A.A. Milne, animated films, Barbara Luddy, based on short stories, Buddy Baker, cartoons, childhood favorites, children's movies, Christopher Robin, cinema, classic films, Clint Howard, co-directors, Disney movies, Eeyore, favorite films, film reviews, films, friendships, Gopher, Hal Smith, Howard Morris, Hundred Acre Woods, John Fielder, John Lounsbury, Junius Matthews, Kanga, Movies, multiple writers, nostalgia, Owl, Paul Winchell, Piglet, Rabbit, Ralph Wright, Roo, Sebastian Cabot, Sterling Holloway, The Many Adventures of Winnie the Pooh, Tigger, Walt Disney, Winnie the Pooh, Wolfgang Reitherman
If nostalgia is a drug, then nostalgia for the beloved things of one’s childhood must be a triple-dipped, skull-peeling hit of the purest intoxicant in history. We tend to view our childhood favorites through the rosiest of spectacles for many reasons but I like to think that the most prominent is also the simplest: we hold the movies, TV shows, music, pop culture and culinary delights of our childhood up as examples of the pure, undiluted joy that comes from youth. Before we learned to be cynical, snarky and dismissive, before we developed “guilty pleasures” and ironically “liked” things, we were simpler, more naive and quite a bit easier to please. It’s a convenient lie that children are universally accepting of whatever crap is put in front of them: in reality, they’re just a lot less afraid to look like idiots.
Once one is removed from childhood nostalgia by some distance, however, re-examining those childhood loves can be a bit tricky. Fart jokes, inane songs and talking animals are pretty much par for the course with kids’ movies but, several decades down the line, those particular cinematic affectations are a bit more of an acquired taste. It’s tempting to look down at our childhood loves from a more “adult” perspective and laugh at our immaturity while still pining for those innocent, pure emotions of our youth. It’s tempting, of course, but it still does them a disservice. Rather than give these old favorites the equivalent of a golf handicap and a lifetime pass, is it actually possible to re-examine them and determine their respective merits?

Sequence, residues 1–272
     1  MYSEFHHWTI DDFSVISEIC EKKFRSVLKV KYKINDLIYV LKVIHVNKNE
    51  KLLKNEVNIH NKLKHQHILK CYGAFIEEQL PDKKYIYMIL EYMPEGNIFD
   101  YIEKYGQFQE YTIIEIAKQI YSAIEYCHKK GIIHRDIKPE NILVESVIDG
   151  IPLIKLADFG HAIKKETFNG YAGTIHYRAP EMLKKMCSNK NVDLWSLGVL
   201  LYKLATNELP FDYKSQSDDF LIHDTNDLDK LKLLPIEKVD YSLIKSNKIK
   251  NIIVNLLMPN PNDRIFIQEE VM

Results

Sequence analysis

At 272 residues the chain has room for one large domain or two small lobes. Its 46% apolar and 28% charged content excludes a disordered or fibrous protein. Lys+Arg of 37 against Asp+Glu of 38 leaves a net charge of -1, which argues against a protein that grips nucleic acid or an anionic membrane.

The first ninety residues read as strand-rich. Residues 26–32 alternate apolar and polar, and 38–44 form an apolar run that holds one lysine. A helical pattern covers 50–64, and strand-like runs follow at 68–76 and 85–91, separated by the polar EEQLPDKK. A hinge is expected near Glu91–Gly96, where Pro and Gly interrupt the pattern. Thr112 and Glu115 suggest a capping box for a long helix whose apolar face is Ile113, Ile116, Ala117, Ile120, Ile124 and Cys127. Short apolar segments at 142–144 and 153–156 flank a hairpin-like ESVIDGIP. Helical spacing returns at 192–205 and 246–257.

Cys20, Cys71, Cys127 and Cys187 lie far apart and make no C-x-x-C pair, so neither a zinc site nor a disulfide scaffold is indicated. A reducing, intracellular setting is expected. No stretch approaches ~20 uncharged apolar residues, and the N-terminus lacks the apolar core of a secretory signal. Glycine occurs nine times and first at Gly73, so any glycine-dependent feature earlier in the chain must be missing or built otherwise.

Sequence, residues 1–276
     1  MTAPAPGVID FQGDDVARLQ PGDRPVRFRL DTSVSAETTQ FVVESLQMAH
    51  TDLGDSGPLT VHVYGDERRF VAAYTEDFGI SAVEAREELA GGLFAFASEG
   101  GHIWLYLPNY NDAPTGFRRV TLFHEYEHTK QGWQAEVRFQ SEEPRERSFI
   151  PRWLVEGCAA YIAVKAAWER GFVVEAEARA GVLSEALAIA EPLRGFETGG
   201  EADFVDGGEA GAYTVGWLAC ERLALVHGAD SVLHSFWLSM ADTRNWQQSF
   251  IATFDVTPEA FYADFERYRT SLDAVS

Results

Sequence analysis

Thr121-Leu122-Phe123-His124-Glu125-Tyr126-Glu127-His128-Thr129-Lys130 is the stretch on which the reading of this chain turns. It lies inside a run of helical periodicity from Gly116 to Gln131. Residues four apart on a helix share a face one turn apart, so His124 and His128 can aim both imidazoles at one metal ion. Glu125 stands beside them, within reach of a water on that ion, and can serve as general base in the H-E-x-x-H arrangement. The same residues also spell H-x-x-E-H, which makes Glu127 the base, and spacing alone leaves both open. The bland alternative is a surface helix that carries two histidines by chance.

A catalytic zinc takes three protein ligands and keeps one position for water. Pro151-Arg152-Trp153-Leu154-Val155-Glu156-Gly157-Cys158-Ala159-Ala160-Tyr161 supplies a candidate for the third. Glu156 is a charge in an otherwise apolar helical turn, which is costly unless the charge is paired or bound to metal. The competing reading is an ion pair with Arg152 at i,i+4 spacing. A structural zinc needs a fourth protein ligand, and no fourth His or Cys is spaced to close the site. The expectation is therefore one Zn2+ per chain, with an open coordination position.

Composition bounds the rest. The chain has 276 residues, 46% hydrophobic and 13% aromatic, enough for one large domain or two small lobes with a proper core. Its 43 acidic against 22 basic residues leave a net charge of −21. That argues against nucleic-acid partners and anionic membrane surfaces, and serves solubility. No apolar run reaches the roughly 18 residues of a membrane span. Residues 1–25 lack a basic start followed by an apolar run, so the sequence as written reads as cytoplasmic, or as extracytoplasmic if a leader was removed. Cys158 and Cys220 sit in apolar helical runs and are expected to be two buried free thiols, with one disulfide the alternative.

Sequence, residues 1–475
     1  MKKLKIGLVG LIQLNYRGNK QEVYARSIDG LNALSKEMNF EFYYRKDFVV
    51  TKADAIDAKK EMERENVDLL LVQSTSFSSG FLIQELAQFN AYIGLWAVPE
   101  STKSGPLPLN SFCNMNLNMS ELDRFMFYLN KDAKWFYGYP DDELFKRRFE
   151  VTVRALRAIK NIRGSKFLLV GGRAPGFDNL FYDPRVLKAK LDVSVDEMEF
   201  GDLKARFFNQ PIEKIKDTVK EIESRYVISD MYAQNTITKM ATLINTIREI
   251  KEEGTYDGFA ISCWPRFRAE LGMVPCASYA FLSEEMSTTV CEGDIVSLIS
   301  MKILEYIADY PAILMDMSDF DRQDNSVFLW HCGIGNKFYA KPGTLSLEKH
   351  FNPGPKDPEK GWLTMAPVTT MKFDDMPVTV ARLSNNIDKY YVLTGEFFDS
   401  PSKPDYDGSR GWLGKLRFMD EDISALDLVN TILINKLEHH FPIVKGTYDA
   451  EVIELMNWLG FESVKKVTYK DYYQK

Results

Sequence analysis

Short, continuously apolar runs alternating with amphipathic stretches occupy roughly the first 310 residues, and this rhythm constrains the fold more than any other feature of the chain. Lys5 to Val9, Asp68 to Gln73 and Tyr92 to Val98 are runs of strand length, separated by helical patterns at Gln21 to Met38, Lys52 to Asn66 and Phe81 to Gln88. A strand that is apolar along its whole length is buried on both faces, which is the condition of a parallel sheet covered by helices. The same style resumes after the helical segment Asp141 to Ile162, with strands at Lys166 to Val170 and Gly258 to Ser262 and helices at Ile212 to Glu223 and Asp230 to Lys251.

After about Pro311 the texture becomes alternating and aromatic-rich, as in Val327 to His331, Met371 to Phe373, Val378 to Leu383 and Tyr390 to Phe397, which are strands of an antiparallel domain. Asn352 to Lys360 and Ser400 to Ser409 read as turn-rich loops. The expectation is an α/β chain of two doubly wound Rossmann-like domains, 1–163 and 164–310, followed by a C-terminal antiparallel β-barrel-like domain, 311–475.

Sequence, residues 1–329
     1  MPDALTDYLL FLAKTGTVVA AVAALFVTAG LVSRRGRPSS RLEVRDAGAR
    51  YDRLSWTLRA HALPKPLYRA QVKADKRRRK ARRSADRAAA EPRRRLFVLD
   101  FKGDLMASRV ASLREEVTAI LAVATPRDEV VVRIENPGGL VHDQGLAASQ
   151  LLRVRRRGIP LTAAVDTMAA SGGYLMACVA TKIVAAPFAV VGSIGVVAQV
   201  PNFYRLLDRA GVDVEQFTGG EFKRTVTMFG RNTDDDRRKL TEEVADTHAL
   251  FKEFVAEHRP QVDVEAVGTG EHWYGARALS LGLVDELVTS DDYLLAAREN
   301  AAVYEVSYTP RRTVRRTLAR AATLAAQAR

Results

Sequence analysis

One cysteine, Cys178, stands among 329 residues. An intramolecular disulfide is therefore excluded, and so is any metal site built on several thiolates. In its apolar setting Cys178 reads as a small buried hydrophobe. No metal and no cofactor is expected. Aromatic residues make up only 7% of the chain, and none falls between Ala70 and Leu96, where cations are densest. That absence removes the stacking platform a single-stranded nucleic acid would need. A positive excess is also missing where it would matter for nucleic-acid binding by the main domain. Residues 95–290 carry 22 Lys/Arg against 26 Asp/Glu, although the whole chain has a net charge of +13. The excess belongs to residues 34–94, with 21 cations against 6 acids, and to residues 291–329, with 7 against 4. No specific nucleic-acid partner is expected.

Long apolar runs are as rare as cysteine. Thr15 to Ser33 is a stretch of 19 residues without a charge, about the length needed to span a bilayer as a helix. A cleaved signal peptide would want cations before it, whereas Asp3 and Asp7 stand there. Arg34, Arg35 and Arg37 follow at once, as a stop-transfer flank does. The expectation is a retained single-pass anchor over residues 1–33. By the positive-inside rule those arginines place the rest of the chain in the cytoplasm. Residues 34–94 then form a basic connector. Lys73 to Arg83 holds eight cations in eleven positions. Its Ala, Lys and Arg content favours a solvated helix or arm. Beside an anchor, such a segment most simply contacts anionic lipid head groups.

As a youngster, I had a set group of rotating favorite films, many of which I would watch not only day after day but, at times, multiple times during the same day. Of these many childhood favorites, few resonated with me as much as Walt Disney’s The Many Adventures of Winnie the Pooh (1977). If I watched that remarkable little film once during my formative years, I probably watched it at least a hundred, if not a thousand, times. Thirty-some years later, however, would this little gem still mean as much? Is The Many Adventures of Winnie the Pooh nothing but a sad, wistful reminder of a simpler era or does it still possess the same ability to delight modern children as it did those of us who grew up in earlier eras? Is there really a place for the “tubby cubby” in our modern world?
For the uninitiated, The Many Adventures of Winnie the Pooh details the travails of the titular stuffed bear and his woodland friends as they pass the time in their magical home, the Hundred Acres Wood. Created by British author A.A. Milne in the mid-1920s, Pooh and his friends would go on to capture the imagination of generations of children in the fifty-some years between their creation and the vibrant Disney adaptation that we currently discuss, becoming iconic childhood figures along the lines of Paddington Bear, Babar or Charles Schultz’s legendary Peanuts gang.
Characterized by a sweetly philosophical, gentle tone, The Many Adventures of Winnie the Pooh is the very antithesis of frantic, overly manic kids’ movies, landing somewhere closer to a more subdued version of the aforementioned Peanuts. The adventures detailed here-in are about as far from the complicated machinations of modern animated films as possible: Pooh needs to find honey; Pooh gets stuck in Rabbit’s door and needs to get out; Owl’s tree falls down and he needs a new home; Tigger needs to find out what, exactly, he’s good at. No self-referential layers of meta-commentary here, nor allusions to popular culture of the era or anything transitory: The Many Adventures of Winnie the Pooh deals with the most basic of emotions and tropes, such as the need to help others, the importance of sharing, the importance of friends, the bittersweet feeling of leaving your childhood loves behind as you get older. While many animated films claim to be for both parents and their children, that’s usually more perfunctory than anything else. The Many Adventures of Winnie the Pooh is one of the few children’s movies that is just as impactful to parents as it is to their progeny…even more, perhaps, similar to the recent Inside Out (2015).